This is perhaps not the clearest or fully reasoned of judgments. And it appears that the first instance decision was, as the High Court puts it, ‘very cryptically expressed’.

I think it is as well that the High Court had to step away from its first reasons for dismissing the appeal. The idea that a tenancy with a break clause that can be exercised in the first 12 or 18 months is not actually a fixed term until the time the break clause can be exercised has passed is not an attractive one at all. A tenancy for a 7 year term that doesn’t actually crystallise into a fixed term until 12 or 18 months in, but is for a throughly unknown and nebulous term for the first 12 or 18 months, strikes me as a bit of an anathema.

But then, while the eventual finding makes more sense, it leaves me wondering if s.21(1A) and (1B) have any application at all.

The reasoning, as I understand it, is that while there was a fixed term of not less than two years, this was terminated by the notice given under the break clause, so at that point, Ms B did not have a fixed term tenancy of no less than two years, she had a statutory periodic tenancy. S.21(1A) and thus (1B) only applies where it is a tenancy of no less than two years.

But where there are possession proceedings at the expiry of a fixed term (the point of s.21(1B) – court cannot make a possession order unless…) they will always, by definition, be after the end of a fixed term and when a statutory periodic has arisen. It will always be was a fixed term.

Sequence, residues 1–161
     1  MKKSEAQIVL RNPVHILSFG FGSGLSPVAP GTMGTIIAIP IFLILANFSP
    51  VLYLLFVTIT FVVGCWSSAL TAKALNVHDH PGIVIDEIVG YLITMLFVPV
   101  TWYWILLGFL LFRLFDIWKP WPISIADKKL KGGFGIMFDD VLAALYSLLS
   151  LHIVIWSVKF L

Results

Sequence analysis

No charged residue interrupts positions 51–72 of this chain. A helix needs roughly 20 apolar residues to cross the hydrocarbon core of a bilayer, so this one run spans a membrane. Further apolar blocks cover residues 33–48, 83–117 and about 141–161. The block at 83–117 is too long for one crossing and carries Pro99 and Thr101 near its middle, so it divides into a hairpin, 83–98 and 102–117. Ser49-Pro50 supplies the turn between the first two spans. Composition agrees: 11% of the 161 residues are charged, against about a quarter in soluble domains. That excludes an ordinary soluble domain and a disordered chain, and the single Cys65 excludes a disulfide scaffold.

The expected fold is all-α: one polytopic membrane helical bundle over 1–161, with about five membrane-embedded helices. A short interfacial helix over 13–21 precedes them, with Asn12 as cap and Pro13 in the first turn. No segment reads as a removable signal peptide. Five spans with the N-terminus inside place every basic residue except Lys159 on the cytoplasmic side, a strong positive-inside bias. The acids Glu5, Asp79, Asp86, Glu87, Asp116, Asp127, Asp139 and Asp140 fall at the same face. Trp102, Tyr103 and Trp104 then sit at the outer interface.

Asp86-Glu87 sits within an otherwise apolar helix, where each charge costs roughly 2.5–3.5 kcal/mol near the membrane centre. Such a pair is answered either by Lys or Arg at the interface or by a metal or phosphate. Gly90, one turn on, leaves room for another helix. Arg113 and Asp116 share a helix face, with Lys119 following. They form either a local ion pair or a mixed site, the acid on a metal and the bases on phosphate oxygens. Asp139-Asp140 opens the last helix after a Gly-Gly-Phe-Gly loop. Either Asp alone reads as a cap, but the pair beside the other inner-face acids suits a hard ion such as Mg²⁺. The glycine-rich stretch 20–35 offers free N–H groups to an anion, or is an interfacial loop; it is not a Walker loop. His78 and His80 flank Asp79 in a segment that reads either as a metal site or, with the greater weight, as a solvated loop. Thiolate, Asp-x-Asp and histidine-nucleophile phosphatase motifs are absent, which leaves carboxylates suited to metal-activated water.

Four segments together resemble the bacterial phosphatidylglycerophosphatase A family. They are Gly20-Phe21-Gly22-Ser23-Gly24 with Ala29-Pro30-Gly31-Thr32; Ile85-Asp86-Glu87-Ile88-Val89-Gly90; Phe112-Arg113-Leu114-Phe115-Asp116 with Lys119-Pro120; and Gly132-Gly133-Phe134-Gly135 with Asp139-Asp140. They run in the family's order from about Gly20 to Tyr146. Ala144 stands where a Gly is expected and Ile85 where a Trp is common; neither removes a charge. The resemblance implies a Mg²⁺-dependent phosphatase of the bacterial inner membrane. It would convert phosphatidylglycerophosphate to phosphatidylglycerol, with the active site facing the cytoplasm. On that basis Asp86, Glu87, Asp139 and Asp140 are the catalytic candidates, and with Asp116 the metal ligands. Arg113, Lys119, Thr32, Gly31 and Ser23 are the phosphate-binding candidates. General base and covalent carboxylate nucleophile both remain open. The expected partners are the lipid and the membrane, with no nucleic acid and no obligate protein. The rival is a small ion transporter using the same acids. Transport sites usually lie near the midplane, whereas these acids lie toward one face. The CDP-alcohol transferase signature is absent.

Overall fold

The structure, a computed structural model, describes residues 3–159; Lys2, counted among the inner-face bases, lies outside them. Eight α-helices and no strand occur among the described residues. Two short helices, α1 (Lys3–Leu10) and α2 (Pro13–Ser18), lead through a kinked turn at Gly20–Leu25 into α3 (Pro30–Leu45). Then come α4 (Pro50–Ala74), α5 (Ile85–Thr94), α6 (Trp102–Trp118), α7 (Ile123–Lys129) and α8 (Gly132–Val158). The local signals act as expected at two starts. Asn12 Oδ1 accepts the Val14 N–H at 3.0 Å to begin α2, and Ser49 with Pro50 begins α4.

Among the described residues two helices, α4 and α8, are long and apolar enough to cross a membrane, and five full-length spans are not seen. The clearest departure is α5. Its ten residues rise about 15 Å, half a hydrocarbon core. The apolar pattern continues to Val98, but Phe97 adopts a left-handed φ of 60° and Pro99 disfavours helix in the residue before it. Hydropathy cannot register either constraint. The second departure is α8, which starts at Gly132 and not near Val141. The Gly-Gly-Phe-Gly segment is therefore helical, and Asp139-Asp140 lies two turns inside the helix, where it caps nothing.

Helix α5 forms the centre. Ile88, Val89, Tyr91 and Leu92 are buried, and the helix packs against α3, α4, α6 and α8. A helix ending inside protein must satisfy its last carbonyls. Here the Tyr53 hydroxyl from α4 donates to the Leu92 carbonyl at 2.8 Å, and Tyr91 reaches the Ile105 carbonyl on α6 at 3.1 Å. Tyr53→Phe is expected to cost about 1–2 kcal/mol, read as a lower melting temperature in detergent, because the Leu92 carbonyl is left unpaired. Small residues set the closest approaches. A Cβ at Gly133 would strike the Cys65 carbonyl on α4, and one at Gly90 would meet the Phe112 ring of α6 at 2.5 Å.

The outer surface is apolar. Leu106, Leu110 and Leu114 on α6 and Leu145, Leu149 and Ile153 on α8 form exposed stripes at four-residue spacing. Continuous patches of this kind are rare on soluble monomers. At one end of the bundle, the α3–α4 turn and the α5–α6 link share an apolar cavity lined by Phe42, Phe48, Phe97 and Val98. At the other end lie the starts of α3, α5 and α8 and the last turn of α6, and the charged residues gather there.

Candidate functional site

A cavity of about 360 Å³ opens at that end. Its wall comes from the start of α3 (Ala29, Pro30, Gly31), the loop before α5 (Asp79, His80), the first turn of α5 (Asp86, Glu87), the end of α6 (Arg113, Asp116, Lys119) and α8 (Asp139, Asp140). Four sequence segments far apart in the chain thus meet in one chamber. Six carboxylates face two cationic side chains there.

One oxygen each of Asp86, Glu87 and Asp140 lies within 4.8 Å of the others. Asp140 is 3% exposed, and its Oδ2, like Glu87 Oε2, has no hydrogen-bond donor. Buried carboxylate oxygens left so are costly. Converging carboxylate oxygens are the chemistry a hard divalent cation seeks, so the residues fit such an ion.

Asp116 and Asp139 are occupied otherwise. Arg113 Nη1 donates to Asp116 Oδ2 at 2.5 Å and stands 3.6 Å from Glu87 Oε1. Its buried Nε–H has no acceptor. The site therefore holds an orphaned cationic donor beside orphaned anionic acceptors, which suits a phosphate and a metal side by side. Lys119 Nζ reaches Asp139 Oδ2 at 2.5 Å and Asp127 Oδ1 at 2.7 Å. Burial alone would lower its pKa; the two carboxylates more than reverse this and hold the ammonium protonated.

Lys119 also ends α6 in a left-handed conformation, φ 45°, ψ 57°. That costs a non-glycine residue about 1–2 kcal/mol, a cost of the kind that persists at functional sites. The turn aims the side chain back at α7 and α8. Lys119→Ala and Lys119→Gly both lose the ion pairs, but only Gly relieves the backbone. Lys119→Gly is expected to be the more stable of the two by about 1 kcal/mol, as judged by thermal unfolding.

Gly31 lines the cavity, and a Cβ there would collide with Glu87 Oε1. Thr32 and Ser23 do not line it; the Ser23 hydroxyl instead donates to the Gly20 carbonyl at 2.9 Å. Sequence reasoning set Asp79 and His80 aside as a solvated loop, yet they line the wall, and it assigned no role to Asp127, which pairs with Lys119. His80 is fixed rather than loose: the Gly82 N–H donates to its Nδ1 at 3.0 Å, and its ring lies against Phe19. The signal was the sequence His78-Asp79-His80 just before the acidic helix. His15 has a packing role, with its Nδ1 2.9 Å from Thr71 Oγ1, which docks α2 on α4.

Am I missing something? I must be…

 

 

About Giles Peaker

Giles Peaker is a solicitor and partner in the Housing and Public Law team at Anthony Gold Solicitors in South London. You can find him on Linkedin and on Twitter. Known as NL round these parts, and still is Nearly Legal on Google +.
Posted in Assured Shorthold tenancy, assured-tenancy, Housing law - All, Possession and tagged .

5 Comments

  1. I don’t think you are Giles which is why this decision must be wrong. All a landlord has to do is wait till the fixed-term expires and then it can serve a s.21 notice without having had to serve a notice under s.21(1B) six months beforehand.

    I very much doubt that this is what was intended by Parliament. The CJ said that this defeats the whole purpose of the scheme, but the landlord must be a registered provider so you can trust them. If that is right, what is the point of law?

    I agree the drafting isn’t great, but it shouldn’t really be that difficult to glean the intention of Parliament.